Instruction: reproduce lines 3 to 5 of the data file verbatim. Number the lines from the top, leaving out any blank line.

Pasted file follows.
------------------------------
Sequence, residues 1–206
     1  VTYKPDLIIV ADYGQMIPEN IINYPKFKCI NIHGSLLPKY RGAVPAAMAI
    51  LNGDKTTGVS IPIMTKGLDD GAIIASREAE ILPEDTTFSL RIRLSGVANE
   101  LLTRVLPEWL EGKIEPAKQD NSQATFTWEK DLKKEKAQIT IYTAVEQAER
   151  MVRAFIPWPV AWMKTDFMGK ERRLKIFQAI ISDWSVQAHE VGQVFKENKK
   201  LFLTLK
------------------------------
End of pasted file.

    51  LNGDKTTGVS IPIMTKGLDD GAIIASREAE ILPEDTTFSL RIRLSGVANE
   101  LLTRVLPEWL EGKIEPAKQD NSQATFTWEK DLKKEKAQIT IYTAVEQAER
   151  MVRAFIPWPV AWMKTDFMGK ERRLKIFQAI ISDWSVQAHE VGQVFKENKK